Category: thinking deeply

Goodbye, Dad

Posted on November 25, 2019 by

I’ve never been good at saying goodbye.

Always, I look to poetry, prose, to the words of those that came before me for such ancient experiences as this.

I search nature, beauty that I love and find solace in

the starlings drawing on the sky,

the frogs singing me to sleep,

the owl perched high in the pine, watching over me.

The wind in the pines comforts.

I search for the scent of narcissus and the feel of a soft fleece vest, zipped tightly, protecting me from the looseness of saying goodbye

shielding me from endings,

holding in what I can’t afford to exhale quite yet.

There’s comfort in poetry, in the written word, scratching black ink into my journal by candlelight.

No one else gets in there…only the current from my mind, the breath in, then out, deep and resonant.

Through the crack in the window, crows call to daybreak,

orange and gold ribbons lift the darkness, ever so slightly.

Grief and gratitude go hand in hand, I’m learning,

and goodbye comes in the smallest moments,

slinking around my spirit until I’m silent and still

and spot the starlings scattering in the sky

wondering if it’s you.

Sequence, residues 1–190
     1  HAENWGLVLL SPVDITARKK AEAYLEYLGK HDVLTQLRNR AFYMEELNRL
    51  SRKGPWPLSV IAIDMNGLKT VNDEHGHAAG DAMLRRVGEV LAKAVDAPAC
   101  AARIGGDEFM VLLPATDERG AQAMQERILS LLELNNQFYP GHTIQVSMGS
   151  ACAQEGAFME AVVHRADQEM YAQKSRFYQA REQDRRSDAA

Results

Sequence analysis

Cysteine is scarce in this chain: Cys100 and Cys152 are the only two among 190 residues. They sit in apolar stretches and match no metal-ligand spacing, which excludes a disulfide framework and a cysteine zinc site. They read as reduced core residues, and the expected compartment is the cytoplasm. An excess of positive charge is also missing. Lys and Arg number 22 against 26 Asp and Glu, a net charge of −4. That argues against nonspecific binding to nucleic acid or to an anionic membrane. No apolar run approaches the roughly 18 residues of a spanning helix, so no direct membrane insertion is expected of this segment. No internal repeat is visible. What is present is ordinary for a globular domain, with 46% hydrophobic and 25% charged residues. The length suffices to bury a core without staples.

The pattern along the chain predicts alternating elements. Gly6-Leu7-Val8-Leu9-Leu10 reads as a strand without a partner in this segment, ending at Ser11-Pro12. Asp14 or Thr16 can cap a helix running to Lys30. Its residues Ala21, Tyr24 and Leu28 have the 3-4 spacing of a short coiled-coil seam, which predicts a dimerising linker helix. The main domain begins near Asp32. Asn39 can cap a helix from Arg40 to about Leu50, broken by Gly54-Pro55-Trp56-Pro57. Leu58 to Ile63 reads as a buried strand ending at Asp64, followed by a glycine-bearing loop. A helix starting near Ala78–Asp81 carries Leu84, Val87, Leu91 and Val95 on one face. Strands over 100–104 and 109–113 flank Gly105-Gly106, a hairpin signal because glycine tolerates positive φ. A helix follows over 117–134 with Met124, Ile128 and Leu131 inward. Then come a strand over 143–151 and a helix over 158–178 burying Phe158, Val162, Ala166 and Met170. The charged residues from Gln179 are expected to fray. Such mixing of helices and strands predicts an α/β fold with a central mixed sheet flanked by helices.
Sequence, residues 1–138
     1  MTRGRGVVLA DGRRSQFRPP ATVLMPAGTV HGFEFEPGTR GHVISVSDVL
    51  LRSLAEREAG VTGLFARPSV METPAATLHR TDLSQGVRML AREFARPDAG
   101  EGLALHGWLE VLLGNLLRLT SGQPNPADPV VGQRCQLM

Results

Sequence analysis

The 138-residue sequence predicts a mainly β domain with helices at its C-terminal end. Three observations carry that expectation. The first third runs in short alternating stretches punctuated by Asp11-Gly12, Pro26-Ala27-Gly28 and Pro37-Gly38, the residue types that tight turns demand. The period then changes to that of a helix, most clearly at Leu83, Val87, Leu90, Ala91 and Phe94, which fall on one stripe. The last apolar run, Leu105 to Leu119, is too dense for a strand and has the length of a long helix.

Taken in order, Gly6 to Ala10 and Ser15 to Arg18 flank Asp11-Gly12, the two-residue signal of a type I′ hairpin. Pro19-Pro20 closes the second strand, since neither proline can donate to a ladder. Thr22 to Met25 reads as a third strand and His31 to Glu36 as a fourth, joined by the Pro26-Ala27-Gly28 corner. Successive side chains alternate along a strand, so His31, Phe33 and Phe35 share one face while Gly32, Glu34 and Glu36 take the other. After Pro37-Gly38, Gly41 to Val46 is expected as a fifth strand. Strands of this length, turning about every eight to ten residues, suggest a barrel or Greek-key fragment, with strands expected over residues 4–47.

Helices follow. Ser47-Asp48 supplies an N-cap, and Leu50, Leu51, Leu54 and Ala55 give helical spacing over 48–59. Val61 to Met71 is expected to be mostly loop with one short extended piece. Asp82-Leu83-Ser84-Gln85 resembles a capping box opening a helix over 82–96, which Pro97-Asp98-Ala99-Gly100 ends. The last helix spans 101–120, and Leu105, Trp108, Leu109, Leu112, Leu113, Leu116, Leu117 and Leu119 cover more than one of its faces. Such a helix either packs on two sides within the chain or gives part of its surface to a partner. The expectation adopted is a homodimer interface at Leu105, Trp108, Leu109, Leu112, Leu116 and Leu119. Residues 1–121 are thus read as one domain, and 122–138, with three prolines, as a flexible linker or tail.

Please read my dad’s obituary here

Starlings in Winter

Chunky and noisy, but with stars in their black feathers,
they spring from the telephone wire and instantly they are acrobats in the freezing wind.
And now, in the theater of air they swing over buildings, dipping and rising;
they float like one stippled star that opens, becomes for a moment fragmented,
then closes again, and you watch and you try
but you simply can’t imagine how they do it
with no articulated instruction, no pause,
only the silent confirmation
that they are this notable thing, this wheel of many parts, that can rise and spin
over and over again, full of gorgeous life.
Ah, world, what lessons you prepare for us, even in the leafless winter,
even in the ashy city.
I am thinking now of grief, and of getting past it;
I feel my boots trying to leave the ground,
I feel my heart pumping hard. I want to think again of dangerous and noble things.
I want to be light and frolicsome.
I want to be improbable beautiful and afraid of nothing,